First, the spiritual meaning of this manna, as suggested by the circumstance itself. It is a great thing to be delivered from the spirit of that people who are called despisers; it is a great thing to be delivered from that spirit that makes light of these eternal things. In order for us to be right, in order for us to be saved by the grace which this manna sets forth, there are four things essential. There must first be a sense of need; there must secondly be an actual eating of the manna, —for their sense of need would not save their lives unless they did actually eat of the manna. The third thing essential was conformity to the order of the manna; and the fourth and last thing essential to the welfare of the Israelite, as typifying that which is essential to the welfare of the spiritual Israelite, was that of continued satisfaction; so that they should never make light of the manna. First, there must be a sense of need. You will observe that the Lord brought the Israelites into such a position that this manna alone could save their lives. It was God’s provision; they must have that or nothing, —nothing else could save them. And the blind among them spoke against God and against Moses, and said, “Ye have brought us out of Egypt into this wilderness to kill us with hunger, for here is no bread, here is no water.” But then this, you must understand, was from unbelievers. How many weaklings among the true Israelites were affected by this murmuring, I know not; but I will mention two or three self-evident things here. First, if these Israelites had been literally and physically dead, there could have been no sense of need in any way whatever; so that they were not dead literally. And the right-minded among them are a type, therefore, of that work of the Holy Spirit that convinces a sinner where he is spiritually. Every man’s reason will tell him where he is circumstantially, and where he is morally; but no man’s reason, without the teaching of the Holy Spirit, can tell him or show him where he is spiritually. So that this sense of need is the first essential to our eternal salvation. “Blessed are the poor in spirit:” and “he filleth the hungry with good things, but the rich he sends empty away.” Now when a sinner is brought to feel that he is in the wilderness of sin, that he is under the almighty and eternal wrath of God, that death is just before him, and eternity just at hand, and he feels that he is a poor, lost, perishing sinner; the Lord in his own time shows unto such a one that if he be saved it must be by Jesus Christ; for there is no other name under heaven given among men whereby we must be saved. It must be his atonement, or we must be lost; it must be his grace, it must be his work, for he is the bread of life; that is the only way in which we can be saved. It is a great thing to be brought to know that our works and our doings have nothing whatever to do with this matter, —to be brought to know that we are lost, helpless, poor, blind, and wretched, and to say with the apostle, “O wretched man that I am!” and to be brought simply into that spirit described by the apostle when he says, “This is a faithful saying, and worthy of all acceptation, that Jesus Christ came into the world to save sinners.” Oh, how many good Christians there are in the world that are got thus far, and can get no farther! Ah! they can say, I see and feel and know that nothing but that free, sovereign, sufficient grace which is by Jesus Christ can save my soul; I have no hope but in his righteousness, his atonement, the promise that is by him; I have no hope but in the eternal mercy of God that is by him. “He will regard the prayer of the destitute, and not despise their prayer.” So that all that experience that you would not have if you could help it, namely, that hardness of heart, that bondage, that darkness, that casting down, that distance from God, that helplessness which you feel, —these are paths into which we certainly should not enter if the Lord himself did not force us into them. And I think these paths of downward and trying experience are, at least, one part of the meaning of that scripture where the Lord says, “I will bring the blind by a way they knew not; I will lead them in paths they have not known.” What shall they see in these paths? what shall they learn in these paths that they knew not? what shall they see, to which they were formerly blind? Why, they shall see what crooked things they are, what a crooked thing sin is, what a crooked thing error is, and they shall see everything that seems discouraging. Ah! how can matters become straight between me and God? They shall see a gulf before them they can never ford; they shall see rising mountains of difficulty, and heavy clouds hanging over them; and they shall become wretched and miserable, and shall wander about in the wilderness in a solitary way, and sometimes experience a little rebellion as well. What does the Lord say when he brings the soul down into this state? “I will make crooked things straight.” But how can that promise be acceptable to the man that has never seen in what a crooked state he is before God as a sinner? And the Lord will exalt the valleys. Bat what can that be to the man that has never been brought down into the valley and brought very low? And the Lord will lower the mountains. But what can that promise be to the man that has never seen any impediments between him and God? “And I will make the rough places plain.” But what can that be to the man that has no rough experiences, and nothing to discourage him? “And I will turn darkness into light.” But what can that be to the man that has not experienced this darkness? I will bring them to know what they are and where they are. “These things will I do unto them.” Ah! says the tried soul, I don’t mind this if it is all to end well. Well, it will end well, for the Lord says, “These things will I do unto them, and will not forsake them.” I make no hesitation in saying that this is the great secret —the foundation secret—of the distinction between the true church and the world, between the true possessor and the mere professor. The man that is thus brought down can stand before a heart-searching God and say, Lord, without thy sovereign pleasure I am lost; I am brought to feel that it is not whether I will be saved, but whether Thou wilt save me. Lord, without that perfection that is in thy dear Son I am lost; without the sovereignty of thy Holy Spirit coming into my soul, as it did into the dry bones in Ezekiel’s valley, I am lost. Are you thus brought off, my hearer, from all creature confidence? Are you brought to feel the truth of the words you sometimes sing? and I trust and believe and am satisfied that hundreds of you can adopt the words experimentally, —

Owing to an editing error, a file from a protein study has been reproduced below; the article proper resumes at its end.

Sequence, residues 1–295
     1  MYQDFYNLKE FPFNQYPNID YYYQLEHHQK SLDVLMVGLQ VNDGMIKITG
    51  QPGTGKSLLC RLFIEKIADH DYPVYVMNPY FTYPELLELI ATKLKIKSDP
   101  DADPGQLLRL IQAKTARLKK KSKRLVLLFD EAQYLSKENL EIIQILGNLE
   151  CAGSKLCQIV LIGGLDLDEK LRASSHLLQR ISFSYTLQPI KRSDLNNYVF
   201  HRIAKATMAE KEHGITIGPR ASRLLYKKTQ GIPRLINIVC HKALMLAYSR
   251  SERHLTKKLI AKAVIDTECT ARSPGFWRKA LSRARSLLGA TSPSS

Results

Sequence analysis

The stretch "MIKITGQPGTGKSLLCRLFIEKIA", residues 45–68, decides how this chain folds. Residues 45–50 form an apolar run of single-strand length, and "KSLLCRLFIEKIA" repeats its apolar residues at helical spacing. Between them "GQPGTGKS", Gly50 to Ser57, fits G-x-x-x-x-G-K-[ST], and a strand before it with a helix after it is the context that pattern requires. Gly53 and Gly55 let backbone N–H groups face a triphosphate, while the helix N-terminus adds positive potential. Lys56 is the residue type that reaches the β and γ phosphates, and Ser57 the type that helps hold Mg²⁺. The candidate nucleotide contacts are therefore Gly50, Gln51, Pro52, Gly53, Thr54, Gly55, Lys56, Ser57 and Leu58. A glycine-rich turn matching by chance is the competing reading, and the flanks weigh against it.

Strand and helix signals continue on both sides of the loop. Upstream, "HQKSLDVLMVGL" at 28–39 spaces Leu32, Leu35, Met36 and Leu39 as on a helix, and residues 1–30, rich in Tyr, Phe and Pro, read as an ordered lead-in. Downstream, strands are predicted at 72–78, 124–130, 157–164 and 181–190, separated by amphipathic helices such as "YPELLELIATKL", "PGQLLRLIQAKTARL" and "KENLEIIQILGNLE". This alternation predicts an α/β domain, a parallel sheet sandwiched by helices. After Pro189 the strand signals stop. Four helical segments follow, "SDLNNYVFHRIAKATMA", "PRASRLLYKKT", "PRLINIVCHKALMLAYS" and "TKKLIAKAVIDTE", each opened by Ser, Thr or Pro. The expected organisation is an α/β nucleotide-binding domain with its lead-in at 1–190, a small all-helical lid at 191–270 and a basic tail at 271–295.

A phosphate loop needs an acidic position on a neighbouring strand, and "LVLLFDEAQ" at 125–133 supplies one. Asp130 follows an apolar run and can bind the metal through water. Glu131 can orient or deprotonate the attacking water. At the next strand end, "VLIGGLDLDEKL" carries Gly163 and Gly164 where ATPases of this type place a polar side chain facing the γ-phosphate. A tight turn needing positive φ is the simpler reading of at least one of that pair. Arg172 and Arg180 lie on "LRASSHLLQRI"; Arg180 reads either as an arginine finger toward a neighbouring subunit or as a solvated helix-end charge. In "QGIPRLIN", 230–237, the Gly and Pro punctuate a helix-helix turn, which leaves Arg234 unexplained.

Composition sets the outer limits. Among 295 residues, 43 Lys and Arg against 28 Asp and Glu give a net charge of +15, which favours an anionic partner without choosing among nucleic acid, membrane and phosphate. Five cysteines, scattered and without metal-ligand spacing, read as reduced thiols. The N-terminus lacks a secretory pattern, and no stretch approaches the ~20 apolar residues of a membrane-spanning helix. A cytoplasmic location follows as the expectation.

“Thou must save, and Thou alone.”